My Relationship with Media…
I capitalised the word relationship for emphasis. This relationship is up there with a level of importance similar to that which I have with my family, friends, partner or better yet with myself.
I am in a relationship with media.
A turbulent, fluctuating one.
We have grown up together, grown apart, broken up, gotten back together…
This relationship is one that brings out feelings of passion and joy one day and fear, sadness the next. Toxic one might say.
Then again, media to me has been my friend, my partner along the road. And yes this sounds cheesy, and maybe even my love for cheesiness comes from the media that I’ve been exposed to over the years.
I could type a lengthy list of digital platforms that I have used, books, magazines, films and series that I have binge-watched, read and worshipped. But I won’t. I’m enjoying the bird’s eye view here.
Media has made me reflect on tough topics, empowered me to learn and seek new levels of mental growth and most importantly it has opened my mind to diversity beyond my physical social circles. Thanks to my exposure to media I have become a better version of myself.
Media has been in many instances a helpful companion: maps have helped me not get lost down a strange city, search engines have quickly answered weird questions about rashes on my skin, reassured me on doubts about sex, about maths when I was too embarrassed to ask the teacher… Keeping me calmly distracted during sickness and quarantines, helping me stay connected with long distance relationships, it has been a tool that I am to this day grateful to have access to. I can see the beneficial aspects of interacting with it.
Nevertheless, like other man-made tools, there is always a risk of getting hurt.
Media (specifically social media) has triggered me to doubt my personality, my body, my choices. Doubts that in the end HAVE made me more resilient but that I wish I could’ve also skipped altogether. Some insecurities grow in your mind like mould. Some thoughts are better left unthought.
Social media as a tween and teen was hard to handle. A constant degrading comparison between the number of “friends” and likes you have (or in my case don’t have), how «fun» your weekend was, how many “friends” post wishes on your birthday.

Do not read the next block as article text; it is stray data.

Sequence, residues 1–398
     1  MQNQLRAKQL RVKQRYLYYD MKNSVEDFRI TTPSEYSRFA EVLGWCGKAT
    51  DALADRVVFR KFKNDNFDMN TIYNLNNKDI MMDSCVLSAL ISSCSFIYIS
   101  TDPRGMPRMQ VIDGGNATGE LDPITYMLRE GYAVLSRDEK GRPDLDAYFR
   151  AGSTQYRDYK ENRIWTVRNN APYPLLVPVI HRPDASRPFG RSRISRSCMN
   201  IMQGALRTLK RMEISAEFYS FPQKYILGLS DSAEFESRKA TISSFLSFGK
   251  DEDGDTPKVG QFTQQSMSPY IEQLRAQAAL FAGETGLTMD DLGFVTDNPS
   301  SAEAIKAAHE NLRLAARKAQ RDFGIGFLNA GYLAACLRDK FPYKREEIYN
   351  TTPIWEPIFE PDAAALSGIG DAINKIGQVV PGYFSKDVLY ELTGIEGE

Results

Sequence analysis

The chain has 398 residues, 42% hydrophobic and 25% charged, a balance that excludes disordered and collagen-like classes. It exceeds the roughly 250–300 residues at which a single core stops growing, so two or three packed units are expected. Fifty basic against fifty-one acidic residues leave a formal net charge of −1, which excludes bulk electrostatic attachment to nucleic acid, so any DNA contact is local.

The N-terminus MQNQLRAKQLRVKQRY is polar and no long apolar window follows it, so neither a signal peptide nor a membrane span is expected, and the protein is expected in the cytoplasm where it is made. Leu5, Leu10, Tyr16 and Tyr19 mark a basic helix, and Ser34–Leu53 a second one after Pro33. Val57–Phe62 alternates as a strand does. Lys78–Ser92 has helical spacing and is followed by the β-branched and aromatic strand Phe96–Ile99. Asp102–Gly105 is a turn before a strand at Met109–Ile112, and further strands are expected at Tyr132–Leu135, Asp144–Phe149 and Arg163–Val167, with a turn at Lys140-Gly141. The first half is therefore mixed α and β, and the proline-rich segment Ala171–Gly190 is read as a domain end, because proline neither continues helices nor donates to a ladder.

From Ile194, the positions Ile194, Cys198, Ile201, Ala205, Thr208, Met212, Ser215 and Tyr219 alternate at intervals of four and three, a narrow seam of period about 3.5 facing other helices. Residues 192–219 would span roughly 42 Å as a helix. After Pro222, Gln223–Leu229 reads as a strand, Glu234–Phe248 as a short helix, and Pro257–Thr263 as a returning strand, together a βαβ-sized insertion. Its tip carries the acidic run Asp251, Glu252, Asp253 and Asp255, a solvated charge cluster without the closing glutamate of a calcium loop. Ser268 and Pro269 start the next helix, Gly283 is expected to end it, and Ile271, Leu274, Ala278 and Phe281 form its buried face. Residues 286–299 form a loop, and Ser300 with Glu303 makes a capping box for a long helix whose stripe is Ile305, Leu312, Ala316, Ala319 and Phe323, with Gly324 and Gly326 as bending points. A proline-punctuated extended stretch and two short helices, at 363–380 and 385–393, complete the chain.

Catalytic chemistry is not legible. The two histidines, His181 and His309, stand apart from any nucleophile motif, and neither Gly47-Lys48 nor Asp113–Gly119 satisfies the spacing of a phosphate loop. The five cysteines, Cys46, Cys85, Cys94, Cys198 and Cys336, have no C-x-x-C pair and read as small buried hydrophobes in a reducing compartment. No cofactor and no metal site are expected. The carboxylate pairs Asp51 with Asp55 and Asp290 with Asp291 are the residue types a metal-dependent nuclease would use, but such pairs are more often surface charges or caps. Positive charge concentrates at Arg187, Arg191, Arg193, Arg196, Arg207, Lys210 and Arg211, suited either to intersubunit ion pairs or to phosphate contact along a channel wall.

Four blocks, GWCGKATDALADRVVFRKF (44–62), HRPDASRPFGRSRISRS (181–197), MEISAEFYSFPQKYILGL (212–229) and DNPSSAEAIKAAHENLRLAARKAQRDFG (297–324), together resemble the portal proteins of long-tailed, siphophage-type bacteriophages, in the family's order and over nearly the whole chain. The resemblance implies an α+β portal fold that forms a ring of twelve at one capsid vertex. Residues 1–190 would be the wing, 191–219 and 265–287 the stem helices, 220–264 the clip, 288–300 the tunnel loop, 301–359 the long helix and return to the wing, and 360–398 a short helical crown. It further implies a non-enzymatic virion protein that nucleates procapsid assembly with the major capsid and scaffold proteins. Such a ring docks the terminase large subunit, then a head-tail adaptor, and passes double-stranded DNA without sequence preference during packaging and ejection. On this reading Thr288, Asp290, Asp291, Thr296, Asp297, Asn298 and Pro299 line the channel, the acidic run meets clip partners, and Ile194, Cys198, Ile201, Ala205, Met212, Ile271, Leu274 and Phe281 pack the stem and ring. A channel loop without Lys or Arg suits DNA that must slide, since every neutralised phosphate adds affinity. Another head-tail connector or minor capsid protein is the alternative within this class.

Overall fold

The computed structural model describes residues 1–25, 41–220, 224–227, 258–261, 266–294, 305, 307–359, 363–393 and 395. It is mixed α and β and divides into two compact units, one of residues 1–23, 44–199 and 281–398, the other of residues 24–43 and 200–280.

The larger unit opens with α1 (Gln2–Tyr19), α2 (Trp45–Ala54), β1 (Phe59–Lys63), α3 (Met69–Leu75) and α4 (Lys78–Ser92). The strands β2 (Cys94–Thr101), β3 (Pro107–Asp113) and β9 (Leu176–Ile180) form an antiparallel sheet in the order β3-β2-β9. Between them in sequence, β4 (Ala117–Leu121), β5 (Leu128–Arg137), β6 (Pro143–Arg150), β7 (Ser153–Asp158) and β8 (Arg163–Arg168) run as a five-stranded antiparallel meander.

I reached a point in my early twenties where I knew something had to change.
Ever since I have been constantly reconsidering My Relationship with Social Media. A healthy relationship should be about give and take no? So what is social media giving me? But most importantly, what am I giving it?
These last few years I’ve been asking myself the hard questions. Putting up boundaries.
What do I want to get out of the time I spend online? What pages do I follow? What messages are they sending me? Are the thoughts that cross my mind when I see their posts good? Inevitably this leads me to cleanse. I unfollow, unfriend, block and keep going. Every couple months the questions evolve.
Why did I post this? Do I really like how it looks or do I just want to fit in by posting it?
Questioning myself like this helps me feel grounded and in control, but then again, what am I giving to social media? My time, my energy, my mental space. Even the time I take to reconsider my engagement online is time “spent” on social media.
It’s a constant motion of ebbs and flows trying to each a point of satisfaction with this relationship. Often detoxing for days so as to not even have to question my interaction with it, sometimes permanently deleting accounts. Selecting which few platforms to engage in.
I often think about the what if.
What if I lived in the early 1800s where the only media I was exposed to were books from local authors and the small circulation newspapers of my region?
What would be different? What would be the same?
Would my emotional intellect be less? Would I be less empathetic and open minded?
Would I be more confident, have less self-sabotaging thoughts?
How would my love life be different? Communicating through long thought-out letters instead of instant messaging?
Mark mentioned a similar thought in one of his Q&A sessions. I’m paraphrasing here but he mentioned that people wouldn’t necessarily be so different to their current state of mind if social media didn’t exist. That media doesn’t MAKE us do or think things we wouldn’t otherwise do. That we as humans have this potential inside us with or without media. Is this really true? So would the woman from the 1800s be similar to the woman I am today?
One of the main reasons why I chose to study media was for this very same thought process. Evidently, I want to feel in control of my relationship with media, I keep asking myself questions. I want to understand my media and myself better. I’m often having these shower thoughts and interrogations with myself. So what better way to feel in control than to learn more about it? Its workings, its influences… let the brainstorming begin.
Student ID 13877828